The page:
A New Jersey state lawmaker introduced a bill Monday to make recreational marijuana legal in the Garden State.
State Sen. Nicholas Scutari's legislation would limit cannabis purchases to people 21 years and older. Home-growing would not be legal, he said.
The Democrat from Union Township was one of the architects of New Jersey’s medical marijuana bill, which has been fraught with restrictive provisions and costly fees. If the new bill passes, New Jersey would become the ninth state to legalize recreational cannabis.
On Monday, Scutari said he wants the legislation ready by this time next year.
"The national trend is toward legalization," Scutari told NJ Advance Media on Friday. "It's absolutely necessary to save our neighborhoods from drug dealers. And we can use the tax revenue. And people are smoking it anyway."
Neighboring Delaware is also considering legalizing pot. Last week, the General Assembly’s House Revenue and Finance Committee voted to advance legalization legislation. A full House vote is pending as the bill's sponsors iron out the kinks.
Under HB 110, the state would regulate cannabis much like alcohol. Only people over the age of 21 could purchase marijuana and driving under the influence would be illegal.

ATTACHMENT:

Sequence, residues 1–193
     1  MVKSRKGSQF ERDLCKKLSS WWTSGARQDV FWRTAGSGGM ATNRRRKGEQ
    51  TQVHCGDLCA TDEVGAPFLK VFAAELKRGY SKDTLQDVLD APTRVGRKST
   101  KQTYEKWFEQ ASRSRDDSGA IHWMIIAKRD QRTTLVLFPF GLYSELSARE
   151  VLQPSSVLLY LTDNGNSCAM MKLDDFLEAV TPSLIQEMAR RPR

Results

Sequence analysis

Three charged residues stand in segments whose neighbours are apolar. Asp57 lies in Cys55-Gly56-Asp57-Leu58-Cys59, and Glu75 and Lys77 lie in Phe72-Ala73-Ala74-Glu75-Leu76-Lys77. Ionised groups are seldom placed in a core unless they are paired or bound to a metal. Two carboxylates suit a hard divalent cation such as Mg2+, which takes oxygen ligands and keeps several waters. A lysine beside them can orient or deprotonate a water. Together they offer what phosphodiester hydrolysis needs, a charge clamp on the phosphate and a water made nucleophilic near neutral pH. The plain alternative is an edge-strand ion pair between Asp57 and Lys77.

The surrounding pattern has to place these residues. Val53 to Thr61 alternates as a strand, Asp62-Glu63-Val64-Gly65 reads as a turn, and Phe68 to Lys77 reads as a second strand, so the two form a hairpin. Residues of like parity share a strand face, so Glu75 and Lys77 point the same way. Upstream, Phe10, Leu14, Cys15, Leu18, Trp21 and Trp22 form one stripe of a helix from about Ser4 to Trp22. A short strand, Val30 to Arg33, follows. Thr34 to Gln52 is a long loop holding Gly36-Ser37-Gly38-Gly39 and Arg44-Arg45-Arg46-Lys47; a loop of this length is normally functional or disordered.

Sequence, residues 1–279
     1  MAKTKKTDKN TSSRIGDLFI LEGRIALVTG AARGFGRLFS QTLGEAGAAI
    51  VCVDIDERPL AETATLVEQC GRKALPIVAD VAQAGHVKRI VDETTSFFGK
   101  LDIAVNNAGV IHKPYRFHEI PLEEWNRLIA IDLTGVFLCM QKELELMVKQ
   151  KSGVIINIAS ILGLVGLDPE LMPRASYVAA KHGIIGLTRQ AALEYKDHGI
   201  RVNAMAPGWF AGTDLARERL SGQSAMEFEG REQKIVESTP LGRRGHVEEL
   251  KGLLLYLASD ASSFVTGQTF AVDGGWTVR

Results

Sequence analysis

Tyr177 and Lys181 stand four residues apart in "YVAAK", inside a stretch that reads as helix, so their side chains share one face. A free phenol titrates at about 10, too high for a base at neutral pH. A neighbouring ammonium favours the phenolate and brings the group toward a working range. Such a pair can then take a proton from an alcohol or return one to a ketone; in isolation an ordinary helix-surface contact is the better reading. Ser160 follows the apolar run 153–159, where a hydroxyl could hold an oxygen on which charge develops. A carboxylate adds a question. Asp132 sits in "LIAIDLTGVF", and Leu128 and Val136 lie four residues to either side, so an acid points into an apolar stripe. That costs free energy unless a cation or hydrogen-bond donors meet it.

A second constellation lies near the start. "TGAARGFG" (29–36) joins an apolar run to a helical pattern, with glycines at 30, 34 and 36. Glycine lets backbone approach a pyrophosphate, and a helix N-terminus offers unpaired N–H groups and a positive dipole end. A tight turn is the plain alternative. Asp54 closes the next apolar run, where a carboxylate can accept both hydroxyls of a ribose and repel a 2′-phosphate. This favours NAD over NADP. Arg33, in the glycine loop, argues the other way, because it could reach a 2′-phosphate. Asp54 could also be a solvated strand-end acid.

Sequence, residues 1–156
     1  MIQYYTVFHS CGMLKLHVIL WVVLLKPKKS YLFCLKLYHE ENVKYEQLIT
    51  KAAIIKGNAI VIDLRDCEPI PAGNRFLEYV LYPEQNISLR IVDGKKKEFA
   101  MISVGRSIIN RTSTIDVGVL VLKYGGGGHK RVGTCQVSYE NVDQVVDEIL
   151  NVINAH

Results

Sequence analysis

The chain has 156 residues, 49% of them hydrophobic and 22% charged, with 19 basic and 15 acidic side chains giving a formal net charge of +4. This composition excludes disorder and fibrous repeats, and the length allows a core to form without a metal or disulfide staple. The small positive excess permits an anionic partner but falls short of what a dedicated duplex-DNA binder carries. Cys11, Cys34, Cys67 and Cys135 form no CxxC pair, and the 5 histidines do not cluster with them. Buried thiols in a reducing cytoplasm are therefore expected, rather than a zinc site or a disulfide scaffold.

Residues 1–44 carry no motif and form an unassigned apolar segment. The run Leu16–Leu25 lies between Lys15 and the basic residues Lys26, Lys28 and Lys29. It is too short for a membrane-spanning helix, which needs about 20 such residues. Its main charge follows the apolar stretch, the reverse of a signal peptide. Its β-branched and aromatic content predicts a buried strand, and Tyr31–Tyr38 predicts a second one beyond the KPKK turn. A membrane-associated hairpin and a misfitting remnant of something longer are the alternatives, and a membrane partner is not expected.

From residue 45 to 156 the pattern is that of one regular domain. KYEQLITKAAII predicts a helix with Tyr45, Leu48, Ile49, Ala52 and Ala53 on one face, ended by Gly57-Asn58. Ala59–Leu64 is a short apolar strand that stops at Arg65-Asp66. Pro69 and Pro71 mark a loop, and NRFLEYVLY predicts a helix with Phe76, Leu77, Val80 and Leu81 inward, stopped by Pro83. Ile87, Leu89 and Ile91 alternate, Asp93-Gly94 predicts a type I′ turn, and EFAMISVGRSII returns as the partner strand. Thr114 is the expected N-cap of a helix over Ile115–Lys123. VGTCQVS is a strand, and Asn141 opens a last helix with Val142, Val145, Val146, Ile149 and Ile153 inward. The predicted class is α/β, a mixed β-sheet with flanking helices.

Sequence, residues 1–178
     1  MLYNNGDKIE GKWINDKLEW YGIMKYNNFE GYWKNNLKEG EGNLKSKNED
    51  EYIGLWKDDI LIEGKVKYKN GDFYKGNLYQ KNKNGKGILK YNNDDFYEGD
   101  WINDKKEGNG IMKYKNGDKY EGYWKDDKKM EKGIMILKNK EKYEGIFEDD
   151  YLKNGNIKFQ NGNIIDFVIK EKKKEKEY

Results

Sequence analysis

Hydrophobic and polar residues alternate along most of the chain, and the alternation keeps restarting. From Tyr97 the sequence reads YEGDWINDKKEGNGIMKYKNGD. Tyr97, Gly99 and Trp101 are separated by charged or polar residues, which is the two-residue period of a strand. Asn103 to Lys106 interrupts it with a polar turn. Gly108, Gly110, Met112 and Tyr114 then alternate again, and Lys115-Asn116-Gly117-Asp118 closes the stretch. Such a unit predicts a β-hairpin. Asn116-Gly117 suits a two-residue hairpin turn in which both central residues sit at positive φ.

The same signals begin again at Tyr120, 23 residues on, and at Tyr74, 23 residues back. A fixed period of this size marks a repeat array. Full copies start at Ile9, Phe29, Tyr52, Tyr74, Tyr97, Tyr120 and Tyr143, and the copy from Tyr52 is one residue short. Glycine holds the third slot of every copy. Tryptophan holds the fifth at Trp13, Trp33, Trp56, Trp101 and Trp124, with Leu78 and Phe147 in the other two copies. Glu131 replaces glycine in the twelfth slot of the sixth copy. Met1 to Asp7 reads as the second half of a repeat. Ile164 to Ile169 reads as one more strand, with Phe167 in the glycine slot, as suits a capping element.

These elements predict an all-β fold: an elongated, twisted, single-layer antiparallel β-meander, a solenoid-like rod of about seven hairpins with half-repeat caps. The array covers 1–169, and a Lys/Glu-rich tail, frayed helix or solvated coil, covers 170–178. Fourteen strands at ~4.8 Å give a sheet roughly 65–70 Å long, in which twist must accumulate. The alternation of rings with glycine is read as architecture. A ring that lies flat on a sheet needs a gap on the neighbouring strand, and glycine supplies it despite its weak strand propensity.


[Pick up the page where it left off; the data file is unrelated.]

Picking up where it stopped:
In national poll conducted last month, 83 percent of respondents said they supported legalizing medical marijuana. Roughly half supported recreational cannabis while 47 percent said they are opposed.
Almost 62 percent said they wouldn’t use pot for pain even if it were legal.
Moving forward with any effort to expand the state’s marijuana program would be hampered by Gov. Chris Christie, who is vehemently against recreational cannabis and dubious about its medicinal properties.
Last year, Christie argued that legalizing marijuana could lead to legalizing cocaine and heroin. He accused Democrats of “poisoning” young people by accepting “blood money.”
Christie’s final term is up in January and it is rumored he is under consideration to become drug czar under President Donald Trump.